ADVERTISING & PROMOTION: CAMPAIGN OF THE WEEK: PEPSI

The Brief

The Brief



After more than a decade of associating itself with pop stars -

including Michael Jackson, Madonna, Tina Turner and Rod Stewart - Pepsi

thought it had done just about everything possible with a big name. Its

current Spice Girls deal, however, is genuinely innovative and sprang

from a four-way partnership between Pepsi and music marketing, public

relations and advertising.



The idea originated with BBDO New York’s new Pepsi ad, featuring a new

soundtrack Move Over, a new strapline ’Generation Next’ and some

not-so-new energetic young people images.



Its celebration of youthful independence and self-confidence aroused the

interest of music marketers Broadcast Innovations, which realised that

pop’s latest sensation embodied the spirit of ’Generation Next’.



Broadcast Innovations went to Abbott Mead Vickers BBDO with plans for an

unusually extensive brand/pop group tie-up, which would see Pepsi

drinkers getting access to Spice Girls singles and concerts. The idea

was presented to Pepsi and AMV began shooting in Los Angeles in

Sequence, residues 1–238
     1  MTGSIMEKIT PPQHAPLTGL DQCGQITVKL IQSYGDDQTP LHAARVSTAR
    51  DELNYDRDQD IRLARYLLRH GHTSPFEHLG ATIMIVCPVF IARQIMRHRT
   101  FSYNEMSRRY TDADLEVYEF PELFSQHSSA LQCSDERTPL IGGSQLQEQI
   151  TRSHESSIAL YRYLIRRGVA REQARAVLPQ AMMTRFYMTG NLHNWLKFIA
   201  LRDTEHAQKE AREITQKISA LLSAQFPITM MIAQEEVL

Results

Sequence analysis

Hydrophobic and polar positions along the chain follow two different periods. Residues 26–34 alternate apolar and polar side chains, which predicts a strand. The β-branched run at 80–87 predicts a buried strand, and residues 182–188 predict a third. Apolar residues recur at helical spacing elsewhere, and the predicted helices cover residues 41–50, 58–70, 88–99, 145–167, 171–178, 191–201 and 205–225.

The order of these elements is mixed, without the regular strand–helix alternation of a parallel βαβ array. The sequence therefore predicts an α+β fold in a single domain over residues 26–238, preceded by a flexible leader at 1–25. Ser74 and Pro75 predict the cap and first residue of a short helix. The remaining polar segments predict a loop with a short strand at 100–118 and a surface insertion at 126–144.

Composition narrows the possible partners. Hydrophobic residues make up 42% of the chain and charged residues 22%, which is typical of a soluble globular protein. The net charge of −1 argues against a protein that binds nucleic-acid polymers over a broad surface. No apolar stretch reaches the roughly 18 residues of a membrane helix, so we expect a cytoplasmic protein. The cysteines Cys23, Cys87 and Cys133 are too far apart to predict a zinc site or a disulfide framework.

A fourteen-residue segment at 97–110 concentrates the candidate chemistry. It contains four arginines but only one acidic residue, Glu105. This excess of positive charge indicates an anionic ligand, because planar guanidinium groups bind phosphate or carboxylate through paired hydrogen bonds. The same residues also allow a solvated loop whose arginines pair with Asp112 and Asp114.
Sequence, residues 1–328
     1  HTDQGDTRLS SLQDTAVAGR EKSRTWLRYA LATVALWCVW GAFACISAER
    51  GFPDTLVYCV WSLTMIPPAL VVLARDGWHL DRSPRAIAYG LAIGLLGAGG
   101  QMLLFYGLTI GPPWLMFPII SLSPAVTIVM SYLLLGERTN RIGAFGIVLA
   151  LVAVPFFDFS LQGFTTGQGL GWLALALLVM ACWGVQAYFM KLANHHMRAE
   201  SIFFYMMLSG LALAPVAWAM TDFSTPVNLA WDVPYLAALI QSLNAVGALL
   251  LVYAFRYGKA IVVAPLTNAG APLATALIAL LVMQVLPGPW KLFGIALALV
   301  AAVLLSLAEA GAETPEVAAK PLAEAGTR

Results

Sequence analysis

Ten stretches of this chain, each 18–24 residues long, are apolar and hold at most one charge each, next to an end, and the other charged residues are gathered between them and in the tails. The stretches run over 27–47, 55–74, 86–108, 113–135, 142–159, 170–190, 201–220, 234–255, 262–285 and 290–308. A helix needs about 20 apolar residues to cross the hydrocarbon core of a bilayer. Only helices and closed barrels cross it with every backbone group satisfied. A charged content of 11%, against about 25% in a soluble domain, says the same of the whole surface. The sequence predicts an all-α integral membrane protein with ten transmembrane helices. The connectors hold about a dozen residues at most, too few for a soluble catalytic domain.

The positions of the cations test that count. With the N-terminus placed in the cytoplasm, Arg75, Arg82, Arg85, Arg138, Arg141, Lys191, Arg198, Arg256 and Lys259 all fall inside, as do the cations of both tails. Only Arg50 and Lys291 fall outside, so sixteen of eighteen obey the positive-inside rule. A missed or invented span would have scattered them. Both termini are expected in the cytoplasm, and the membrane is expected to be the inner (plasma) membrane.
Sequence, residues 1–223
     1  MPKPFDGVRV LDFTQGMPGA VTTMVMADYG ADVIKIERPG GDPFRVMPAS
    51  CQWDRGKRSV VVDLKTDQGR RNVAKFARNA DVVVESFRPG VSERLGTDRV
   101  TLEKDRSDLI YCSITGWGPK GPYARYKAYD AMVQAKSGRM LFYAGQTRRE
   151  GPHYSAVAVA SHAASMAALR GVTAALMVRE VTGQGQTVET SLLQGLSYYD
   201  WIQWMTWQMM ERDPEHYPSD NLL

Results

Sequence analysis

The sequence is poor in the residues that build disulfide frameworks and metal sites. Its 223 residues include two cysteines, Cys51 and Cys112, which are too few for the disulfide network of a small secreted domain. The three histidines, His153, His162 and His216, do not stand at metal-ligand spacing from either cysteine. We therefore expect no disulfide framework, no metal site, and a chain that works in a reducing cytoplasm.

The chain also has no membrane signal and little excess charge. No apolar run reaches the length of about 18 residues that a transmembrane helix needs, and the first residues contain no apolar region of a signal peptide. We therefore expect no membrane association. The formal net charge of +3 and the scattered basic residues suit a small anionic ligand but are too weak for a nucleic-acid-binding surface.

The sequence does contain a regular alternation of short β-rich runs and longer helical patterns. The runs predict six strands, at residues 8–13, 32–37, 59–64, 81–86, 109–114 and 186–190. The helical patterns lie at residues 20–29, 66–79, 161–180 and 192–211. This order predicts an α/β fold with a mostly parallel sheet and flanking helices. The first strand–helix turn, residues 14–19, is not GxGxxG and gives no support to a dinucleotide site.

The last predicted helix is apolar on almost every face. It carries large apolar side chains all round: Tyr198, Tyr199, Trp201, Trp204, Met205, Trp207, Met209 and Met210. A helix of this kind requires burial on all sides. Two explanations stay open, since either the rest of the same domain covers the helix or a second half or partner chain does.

March.



The Campaign



As the Spice Girls have no doubt discovered, the glamour of commercials

is skin-deep. The shoot was in derelict, downtown LA on the hottest day

ever recorded. The ’true grit’ atmosphere is real. In fact, the

environment was so menacing that armed guards were required for the

crew. But AMV and director Sam Bayer got what they wanted, including the

Spice Girls’ version of Move Over.



The ad has been seen in more than 25 countries, including the US, and

will soon extend to 60 countries. Even AMV, which envisaged the film

running Europe-wide, could not have predicted the Spice Girls’ global

impact.



The Result



The idea was felt to be so strong that it was not researched, although

its Adwatch performance is modest - number 11 with 61% recall. The data

shows a steady recall percentage through geographical regions and social

class, although the film has proved more memorable for women than men

(64% against 59%).



Not surprisingly, 73% of 25- to 34-year-olds and 68% of 15- to

24-year-olds remembered it. And who can quibble with the thousands of

kids in Britain now clamouring for Move Over to be released as a

single?



Client: Pepsi-Cola Company

Marketing manager UK: Simon Lowden

Agency: Abbott Mead Vickers BBDO

Creative team: Peter Souter (deputy creative director) and Frank

Lieberman (head of TV)

Budget: pounds 6.5m in 1997 (total UK Pepsi budget excluding Max and

Diet)

Media: Worldwide: TV, press, outdoor, radio. UK: ITV, C4, C5

Target: Youth (aged 16-25)